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SHRM Opposes California Right-to-Disconnect Bill at Hearing

Dome of California Capitol with California flag waving near it

SHRM and the California State Council of SHRM (CalSHRM) strongly oppose California Assembly Bill 2751 due to its overly broad approach to addressing a workplace challenge, testified Michael Kalt, government affairs director for CalSHRM, at an April 17 hearing before the California State Assembly Committee on Labor and Employment.

The bill grants employees the right to disregard after-hours communications from their employers except in emergencies or regarding scheduling matters.

“Our core concern is that the bill’s one-size-fits-all approach will have negative effects on both businesses and employees and put California workers at a competitive disadvantage,” Kalt said. “Businesses need to respond quickly to operational demands, and this sometimes requires after-hours communication, which is compensated. Eliminating this common business practice could jeopardize the competitiveness of Californian businesses at home and abroad.”

AB 2751 also raises significant concerns about enforceability and creates new levels of administrative burdens on employers, Kalt added. The bill lacks clear definition for key terms, he said. “This ambiguity could lead to confusion for everyone, potentially leading to increased legal challenges and employee stress.”

Kalt also said the bill does not adequately recognize the vastly different realities various industries and roles face. For example, what constitutes an emergency varies greatly between tech startups and health care providers.

Preserving the ability to communicate across time zones is vital, he noted, and overall, AB 2751 would put California companies at a disadvantage.

Bill Sponsor’s Remarks

The bill’s sponsor, Assemblymember Matt Haney (D), said he was committed to working with bill opponents to resolve concerns.  

He said AB 2751 “recognizes employees are entitled to downtime with families” and should not be retaliated against for choosing to disconnect.

The bill requires that employers have a policy, which can be flexible, he said: “The policy could be a lot of on-call time with the employee if that’s what the job dictates.”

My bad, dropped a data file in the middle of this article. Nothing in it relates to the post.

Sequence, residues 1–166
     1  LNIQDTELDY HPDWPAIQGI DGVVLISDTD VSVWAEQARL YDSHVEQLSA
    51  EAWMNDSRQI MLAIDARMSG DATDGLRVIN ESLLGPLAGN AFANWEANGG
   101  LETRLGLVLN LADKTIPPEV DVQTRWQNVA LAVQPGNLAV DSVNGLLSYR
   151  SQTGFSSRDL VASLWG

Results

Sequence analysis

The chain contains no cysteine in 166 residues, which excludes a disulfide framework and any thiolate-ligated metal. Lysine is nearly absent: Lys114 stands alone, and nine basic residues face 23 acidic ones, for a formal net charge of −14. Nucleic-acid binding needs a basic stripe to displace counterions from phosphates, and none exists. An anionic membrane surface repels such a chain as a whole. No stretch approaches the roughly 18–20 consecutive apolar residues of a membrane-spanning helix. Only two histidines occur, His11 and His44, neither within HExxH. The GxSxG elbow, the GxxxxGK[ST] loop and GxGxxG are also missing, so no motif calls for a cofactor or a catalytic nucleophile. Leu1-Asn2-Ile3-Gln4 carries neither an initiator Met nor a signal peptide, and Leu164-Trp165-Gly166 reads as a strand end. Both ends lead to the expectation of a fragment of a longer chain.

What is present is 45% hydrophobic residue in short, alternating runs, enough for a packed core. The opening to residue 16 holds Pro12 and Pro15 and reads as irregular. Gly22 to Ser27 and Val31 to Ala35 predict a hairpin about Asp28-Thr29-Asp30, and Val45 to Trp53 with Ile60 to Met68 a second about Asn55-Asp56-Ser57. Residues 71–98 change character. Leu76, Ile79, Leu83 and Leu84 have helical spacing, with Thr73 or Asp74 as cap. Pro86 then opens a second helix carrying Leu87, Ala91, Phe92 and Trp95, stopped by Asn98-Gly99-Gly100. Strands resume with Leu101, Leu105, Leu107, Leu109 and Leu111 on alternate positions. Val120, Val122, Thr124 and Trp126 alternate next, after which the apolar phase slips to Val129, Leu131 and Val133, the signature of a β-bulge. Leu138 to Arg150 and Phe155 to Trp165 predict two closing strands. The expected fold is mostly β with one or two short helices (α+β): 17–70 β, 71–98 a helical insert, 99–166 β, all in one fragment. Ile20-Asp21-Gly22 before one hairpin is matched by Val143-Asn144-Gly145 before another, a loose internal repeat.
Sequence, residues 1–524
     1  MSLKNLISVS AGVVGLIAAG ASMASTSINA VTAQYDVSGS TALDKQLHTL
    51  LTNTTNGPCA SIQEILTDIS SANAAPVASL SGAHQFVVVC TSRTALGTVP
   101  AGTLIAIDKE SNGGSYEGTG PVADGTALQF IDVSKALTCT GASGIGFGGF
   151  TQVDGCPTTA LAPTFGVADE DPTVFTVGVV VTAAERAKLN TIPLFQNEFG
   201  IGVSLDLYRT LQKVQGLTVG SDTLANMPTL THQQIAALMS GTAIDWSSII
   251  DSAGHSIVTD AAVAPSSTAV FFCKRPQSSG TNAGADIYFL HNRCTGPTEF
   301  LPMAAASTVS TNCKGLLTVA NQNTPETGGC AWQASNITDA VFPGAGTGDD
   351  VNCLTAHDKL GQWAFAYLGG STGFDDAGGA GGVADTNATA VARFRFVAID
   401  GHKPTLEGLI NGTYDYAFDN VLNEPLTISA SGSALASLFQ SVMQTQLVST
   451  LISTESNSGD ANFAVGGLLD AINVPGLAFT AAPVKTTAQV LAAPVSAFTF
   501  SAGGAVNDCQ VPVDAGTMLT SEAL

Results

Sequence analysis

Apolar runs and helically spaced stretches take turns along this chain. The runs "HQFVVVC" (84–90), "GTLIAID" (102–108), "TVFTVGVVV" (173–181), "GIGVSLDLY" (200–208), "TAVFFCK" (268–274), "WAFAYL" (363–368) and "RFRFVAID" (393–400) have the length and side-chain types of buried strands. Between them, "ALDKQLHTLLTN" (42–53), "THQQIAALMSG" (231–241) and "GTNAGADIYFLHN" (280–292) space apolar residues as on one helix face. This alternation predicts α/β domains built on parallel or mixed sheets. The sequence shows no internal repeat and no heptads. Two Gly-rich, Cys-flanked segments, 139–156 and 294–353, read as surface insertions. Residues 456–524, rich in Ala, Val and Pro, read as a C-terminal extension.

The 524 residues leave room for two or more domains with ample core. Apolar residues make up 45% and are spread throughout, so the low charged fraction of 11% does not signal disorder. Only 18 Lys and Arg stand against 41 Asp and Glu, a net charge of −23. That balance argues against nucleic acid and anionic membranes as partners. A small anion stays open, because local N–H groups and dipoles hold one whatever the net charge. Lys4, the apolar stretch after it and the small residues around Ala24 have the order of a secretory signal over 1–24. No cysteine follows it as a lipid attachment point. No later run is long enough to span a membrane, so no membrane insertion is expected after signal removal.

The bill would not prevent an employer from sending an employee an email or text message after hours, Haney said. However, it would prevent the employee from being retaliated against if they choose not to reply.

Without this bill, most employees would feel obligated to respond, Haney said, adding, “24/7 availability does not correspond to high productivity.”

The bill would also provide clarity on when people can expect time to rest, recuperate and be with their families, he said.

A dozen countries—including France, Italy, Portugal and Spain—already have such requirements.

Committee Members’ Support and Concerns

Some Labor and Employment Committee members voiced support for the bill.

“American people live to work instead of work to live,” said Assemblymember Alex Lee (D). “Other nations have adopted” right-to-disconnect legislation, and “their economies haven’t collapsed.”

Assemblymember Christopher Ward (D) said he appreciated Haney raising the issue. “We need to have a strong work-life balance,” he said. However, “to legislate in this area could get tricky.”

While Ward wouldn’t want an employee to be punished when a response to an email or text could have waited, he said he also wouldn’t want an employer to be punished. Ward expressed concern that the bill might “open up lots of complaints by the [California] Labor Commissioner.”

Haney said the commissioner would step in “only if there were a pattern of violation.”

Ward responded that while he supported the bill at the committee level, he hoped Haney would “think about potential violations and do so carefully and with flexibility in mind.” Ward added that the bill needed to “try to get it right” and not have the unintended consequences outlined by bill opponents.